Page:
Existential approach to group psychotherapy
Rimantas Kočiūnas
Published 2009-01-01


“givens” of existence
existential experience group

How to Cite

Kočiūnas R. (2009). Existential approach to group psychotherapy. Psichologija, 40, 7-20. https://doi.org/10.15388/Psichol.2009.0.2589


The review discusses a model of working with psychotherapeutic groups, based on the existential psychotherapy paradigm developed by the author and called “existential experience group”. Its main concept is the idea of the human being as being-in-theworld (Dasein). The process of psychotherapy has two major directions, the first being an attempt to understand the problems of participants in the context of the main dimensions – physical, social, psychological and spiritual – of human life, and the second exploration of participants’ life difficulties in the context of “givens” (universal conditions) of existence. The following “givens” are described as essential: “thrownness” in the world, relations to others, the finiteness of life, freedom and responsibility, anxiety, meaning and meaninglessness, experience of time. The existential experience group represents a structured life situation in which participants with their unique life stories and experiences, involved in transactions among themselves and with the therapist, attempt to develop a common group life. The “group life” is a concentrated expression of individual lives of participants. The problems of participants are treated as certain inadequacies of current ways of “being-in-the-world”, as distortions of individual relation to existential “givens”. The group discusses the problems of participants not in relation to their personal life story (though it is given consideration as well), but rather in the context of the collectively created group life. The author discusses the universal objectives of the existential experience group, the main points of its functioning and ways of work. The basic structure of the group work is provided by the most usual norms of groups (openness and sincerity, interrelatedness of freedom and responsibility, sharing responsibility among participants and the therapist, confidentiality and regulated communication of participants outside the group) and also by changes of “developmental periods” of the group (“childhood”, “youth”, “maturity” and “old age”). The contents of sessions of existential experience groups is not planned in advance. It is determined by participants’ therapeutic goals and interpersonal situations arising “here and now”. Also, the position of the therapist in an existential experience group is analysed, since it is a greatly significant part of the psychotherapeutic work. The author stresses the importance of the therapist as phenomenologically oriented, giving priority to the participants’ experience as conceived by themselves. The main attitudes of the therapist are empathy and neutrality. For the therapist, it is critical to remain a real person in the group, a live human being with his own obligations and specific responsibility in the group.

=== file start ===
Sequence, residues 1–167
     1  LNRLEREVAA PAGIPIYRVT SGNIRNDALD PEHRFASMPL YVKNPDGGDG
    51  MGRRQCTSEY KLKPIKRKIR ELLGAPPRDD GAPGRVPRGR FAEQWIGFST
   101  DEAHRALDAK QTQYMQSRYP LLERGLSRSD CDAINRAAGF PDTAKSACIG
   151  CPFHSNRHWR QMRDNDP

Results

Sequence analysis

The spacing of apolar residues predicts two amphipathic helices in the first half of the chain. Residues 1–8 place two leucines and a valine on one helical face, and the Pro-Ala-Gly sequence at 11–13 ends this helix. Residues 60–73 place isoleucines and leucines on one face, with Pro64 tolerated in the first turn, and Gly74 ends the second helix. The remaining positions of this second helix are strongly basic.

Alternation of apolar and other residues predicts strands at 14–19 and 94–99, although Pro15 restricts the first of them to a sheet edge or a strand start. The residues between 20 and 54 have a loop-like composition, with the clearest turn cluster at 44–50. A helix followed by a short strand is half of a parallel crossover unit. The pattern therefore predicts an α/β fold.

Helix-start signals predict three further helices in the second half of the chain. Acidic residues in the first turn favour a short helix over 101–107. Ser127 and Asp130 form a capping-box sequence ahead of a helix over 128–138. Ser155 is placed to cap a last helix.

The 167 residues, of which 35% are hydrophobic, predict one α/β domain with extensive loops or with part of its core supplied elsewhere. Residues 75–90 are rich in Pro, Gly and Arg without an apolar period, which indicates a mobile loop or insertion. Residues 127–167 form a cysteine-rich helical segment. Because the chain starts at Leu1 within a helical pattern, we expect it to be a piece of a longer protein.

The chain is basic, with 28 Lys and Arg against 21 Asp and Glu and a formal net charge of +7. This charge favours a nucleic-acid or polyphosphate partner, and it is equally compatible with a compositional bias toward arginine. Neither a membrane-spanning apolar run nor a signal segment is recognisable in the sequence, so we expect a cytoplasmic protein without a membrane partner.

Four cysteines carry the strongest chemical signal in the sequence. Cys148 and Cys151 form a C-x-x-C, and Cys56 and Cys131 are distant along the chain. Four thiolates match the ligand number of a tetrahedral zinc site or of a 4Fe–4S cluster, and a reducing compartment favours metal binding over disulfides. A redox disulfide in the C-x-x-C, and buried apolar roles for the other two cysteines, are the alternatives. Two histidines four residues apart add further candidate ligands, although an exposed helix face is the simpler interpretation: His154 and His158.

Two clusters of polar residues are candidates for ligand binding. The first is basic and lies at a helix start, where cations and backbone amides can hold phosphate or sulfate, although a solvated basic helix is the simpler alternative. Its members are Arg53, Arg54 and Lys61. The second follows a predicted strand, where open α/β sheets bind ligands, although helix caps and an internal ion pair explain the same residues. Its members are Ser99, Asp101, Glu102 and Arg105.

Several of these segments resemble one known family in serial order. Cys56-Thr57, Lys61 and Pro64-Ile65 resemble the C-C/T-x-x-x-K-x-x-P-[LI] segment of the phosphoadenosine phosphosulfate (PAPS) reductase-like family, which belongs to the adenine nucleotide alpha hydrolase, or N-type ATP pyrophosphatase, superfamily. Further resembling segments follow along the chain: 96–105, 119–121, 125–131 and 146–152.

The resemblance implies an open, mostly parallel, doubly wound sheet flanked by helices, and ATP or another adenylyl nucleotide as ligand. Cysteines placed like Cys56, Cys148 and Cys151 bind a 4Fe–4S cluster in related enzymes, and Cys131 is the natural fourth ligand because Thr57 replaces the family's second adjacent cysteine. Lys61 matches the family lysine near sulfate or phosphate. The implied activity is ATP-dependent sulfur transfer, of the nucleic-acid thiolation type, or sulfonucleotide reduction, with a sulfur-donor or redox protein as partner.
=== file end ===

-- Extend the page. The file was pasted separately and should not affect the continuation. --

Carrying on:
In an existential experience group, therapeutic changes are pursued by constantly directing participants to consciously reflect the conditions of humans’ being-in-the-world. Changes in understanding oneself and life are considered most essential.


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